There are factors the courts apply when determining whether a statutory amendment is a clarification of existing law that may be applied retroactively. They include: whether the amendment responds to a recent controversy; the span of time between enactment of the original statute and the amendment; and the contents of the title of the bill containing the amendment. Each will be discussed seriatim.

“When ․ an amendment to a statute is enacted soon after controversies as to the interpretation of the original act arise, a court may consider that amendment as a legislative interpretation of the original law and not as a substantive change thereof.” Lowry v. Parole & Prob. Comm'n, 473 So.2d 1248, 1250 (Fla.1985) (citations omitted); see Foster v. State, 861 So.2d 434, 439 (Fla. 1st DCA 2002); Matthews v. State, 760 So.2d 1148, 1150 (Fla. 5th DCA 2000); State v. Sedia, 614 So.2d 533, 535 (Fla. 4th DCA 1993). Our canvass of the pertinent case law revealed no reported decision applying the pre-amendment version of section 836.10 to electronic communications, so we see no controversy created by the courts. We also do not see anything the State has submitted that would suggest a controversy was brewing elsewhere that would prompt the Legislature to enact the amendment.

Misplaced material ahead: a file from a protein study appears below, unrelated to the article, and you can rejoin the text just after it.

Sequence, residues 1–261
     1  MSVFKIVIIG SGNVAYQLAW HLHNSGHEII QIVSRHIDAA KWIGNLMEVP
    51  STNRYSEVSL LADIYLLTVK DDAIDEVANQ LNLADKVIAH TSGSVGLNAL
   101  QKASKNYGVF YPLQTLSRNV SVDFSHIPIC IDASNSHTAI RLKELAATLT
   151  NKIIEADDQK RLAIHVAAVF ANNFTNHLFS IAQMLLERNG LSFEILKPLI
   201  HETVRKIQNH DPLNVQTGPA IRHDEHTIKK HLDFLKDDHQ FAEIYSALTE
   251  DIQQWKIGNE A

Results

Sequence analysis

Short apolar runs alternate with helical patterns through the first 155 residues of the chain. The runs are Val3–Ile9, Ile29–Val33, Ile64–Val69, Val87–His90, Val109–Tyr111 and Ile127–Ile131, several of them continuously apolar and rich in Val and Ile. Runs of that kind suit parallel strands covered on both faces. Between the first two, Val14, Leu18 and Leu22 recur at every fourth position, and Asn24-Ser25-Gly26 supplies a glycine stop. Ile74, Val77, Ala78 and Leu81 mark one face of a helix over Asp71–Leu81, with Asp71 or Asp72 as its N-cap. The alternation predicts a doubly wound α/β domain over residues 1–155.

The span of time between the enactment of the statute and its amendment, see Parole Commission v. Cooper, 701 So.2d 543, 544–45 (Fla.1997), and State Farm Mutual Automobile Insurance Co. v. Laforet, 658 So.2d 55, 62 (Fla.1995), is a factor that bodes particularly well for Macchione's position that the amendment is not a clarification. In Cooper, the court held that “it is inappropriate to use an amendment enacted ten years after the original enactment to clarify original legislative intent,” 701 So.2d at 544–45, and in Laforet, the court held that “[i]t would be absurd ․ to consider legislation enacted more than ten years after the original act as a clarification of original intent․” 658 So.2d at 62. Here, the pertinent provisions of the statute virtually remained unchanged from the time of its enactment in 1913 until October 1, 2010, and this span of 97 years exceeds more than nine times the ten-year period applied in Cooper and Laforet. And the span of time between the prior amendment in 1971 (which did not alter the pertinent provisions of the statute) and the 2010 amendment is almost three times the ten-year period. See Ramcharitar v. Derosins, 35 So.3d 94, 99 (Fla. 3d DCA 2010) (reversing an order finding the amendment was a clarification; concluding that “the 2003 revision to section 440.10 occurred twenty years after the Court decided Abernathy and some twenty-nine years after the 1974 amendment to section 440.10. As was held by the Court in similar circumstances, given that the membership between the 1974 and 2003 Legislatures was substantially different, it would be absurd to consider the 2003 revision as a clarification of the Legislature's original intent in 1974 ․”); see also M.W. v. Davis, 756 So.2d 90, 103 n. 26 (Fla .2000) (“Due to the gap between when the language was originally placed in the statute and the most recent amendment, the 1999 amendment cannot be seen as clarifying the Legislature's intent in 1986 ․“ (citation omitted)).